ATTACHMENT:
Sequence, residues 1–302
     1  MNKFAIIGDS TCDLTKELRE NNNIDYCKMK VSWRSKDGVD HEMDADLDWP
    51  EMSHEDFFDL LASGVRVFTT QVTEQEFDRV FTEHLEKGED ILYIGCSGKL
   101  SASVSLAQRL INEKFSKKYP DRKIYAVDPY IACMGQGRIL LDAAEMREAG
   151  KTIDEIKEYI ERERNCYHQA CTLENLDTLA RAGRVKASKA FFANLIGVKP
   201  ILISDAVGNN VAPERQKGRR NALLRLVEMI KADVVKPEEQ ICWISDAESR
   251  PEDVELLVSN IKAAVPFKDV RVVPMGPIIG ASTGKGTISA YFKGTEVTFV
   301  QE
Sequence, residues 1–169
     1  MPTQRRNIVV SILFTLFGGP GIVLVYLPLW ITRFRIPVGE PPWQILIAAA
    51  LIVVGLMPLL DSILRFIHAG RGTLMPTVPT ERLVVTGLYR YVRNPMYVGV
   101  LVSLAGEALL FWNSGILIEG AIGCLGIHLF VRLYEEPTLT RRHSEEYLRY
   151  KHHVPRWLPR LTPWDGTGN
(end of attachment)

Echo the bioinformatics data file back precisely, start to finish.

Sequence, residues 1–302
     1  MNKFAIIGDS TCDLTKELRE NNNIDYCKMK VSWRSKDGVD HEMDADLDWP
    51  EMSHEDFFDL LASGVRVFTT QVTEQEFDRV FTEHLEKGED ILYIGCSGKL
   101  SASVSLAQRL INEKFSKKYP DRKIYAVDPY IACMGQGRIL LDAAEMREAG
   151  KTIDEIKEYI ERERNCYHQA CTLENLDTLA RAGRVKASKA FFANLIGVKP
   201  ILISDAVGNN VAPERQKGRR NALLRLVEMI KADVVKPEEQ ICWISDAESR
   251  PEDVELLVSN IKAAVPFKDV RVVPMGPIIG ASTGKGTISA YFKGTEVTFV
   301  QE
Sequence, residues 1–169
     1  MPTQRRNIVV SILFTLFGGP GIVLVYLPLW ITRFRIPVGE PPWQILIAAA
    51  LIVVGLMPLL DSILRFIHAG RGTLMPTVPT ERLVVTGLYR YVRNPMYVGV
   101  LVSLAGEALL FWNSGILIEG AIGCLGIHLF VRLYEEPTLT RRHSEEYLRY
   151  KHHVPRWLPR LTPWDGTGN